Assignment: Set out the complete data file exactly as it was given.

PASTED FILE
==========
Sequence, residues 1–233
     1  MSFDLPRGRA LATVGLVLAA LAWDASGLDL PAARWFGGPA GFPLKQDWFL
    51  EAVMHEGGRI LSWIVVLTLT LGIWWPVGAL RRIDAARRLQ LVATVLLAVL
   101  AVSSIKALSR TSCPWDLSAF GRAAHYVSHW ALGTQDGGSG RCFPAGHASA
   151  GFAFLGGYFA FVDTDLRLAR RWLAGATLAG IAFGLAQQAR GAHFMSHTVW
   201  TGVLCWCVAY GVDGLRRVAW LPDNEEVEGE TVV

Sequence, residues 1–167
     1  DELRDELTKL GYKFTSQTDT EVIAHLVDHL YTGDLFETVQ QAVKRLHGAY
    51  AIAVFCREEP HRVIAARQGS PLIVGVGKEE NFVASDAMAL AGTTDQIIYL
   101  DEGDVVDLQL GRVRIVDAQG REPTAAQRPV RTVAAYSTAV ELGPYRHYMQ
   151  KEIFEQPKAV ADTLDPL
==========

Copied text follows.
Sequence, residues 1–233
     1  MSFDLPRGRA LATVGLVLAA LAWDASGLDL PAARWFGGPA GFPLKQDWFL
    51  EAVMHEGGRI LSWIVVLTLT LGIWWPVGAL RRIDAARRLQ LVATVLLAVL
   101  AVSSIKALSR TSCPWDLSAF GRAAHYVSHW ALGTQDGGSG RCFPAGHASA
   151  GFAFLGGYFA FVDTDLRLAR RWLAGATLAG IAFGLAQQAR GAHFMSHTVW
   201  TGVLCWCVAY GVDGLRRVAW LPDNEEVEGE TVV

Sequence, residues 1–167
     1  DELRDELTKL GYKFTSQTDT EVIAHLVDHL YTGDLFETVQ QAVKRLHGAY
    51  AIAVFCREEP HRVIAARQGS PLIVGVGKEE NFVASDAMAL AGTTDQIIYL
   101  DEGDVVDLQL GRVRIVDAQG REPTAAQRPV RTVAAYSTAV ELGPYRHYMQ
   151  KEIFEQPKAV ADTLDPL